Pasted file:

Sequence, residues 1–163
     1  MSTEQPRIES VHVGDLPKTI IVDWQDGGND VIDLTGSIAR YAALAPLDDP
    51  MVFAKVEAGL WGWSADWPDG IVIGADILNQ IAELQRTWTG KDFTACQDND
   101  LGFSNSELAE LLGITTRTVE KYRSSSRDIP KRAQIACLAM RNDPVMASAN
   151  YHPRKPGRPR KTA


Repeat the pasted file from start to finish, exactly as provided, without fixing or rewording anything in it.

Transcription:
Sequence, residues 1–163
     1  MSTEQPRIES VHVGDLPKTI IVDWQDGGND VIDLTGSIAR YAALAPLDDP
    51  MVFAKVEAGL WGWSADWPDG IVIGADILNQ IAELQRTWTG KDFTACQDND
   101  LGFSNSELAE LLGITTRTVE KYRSSSRDIP KRAQIACLAM RNDPVMASAN
   151  YHPRKPGRPR KTA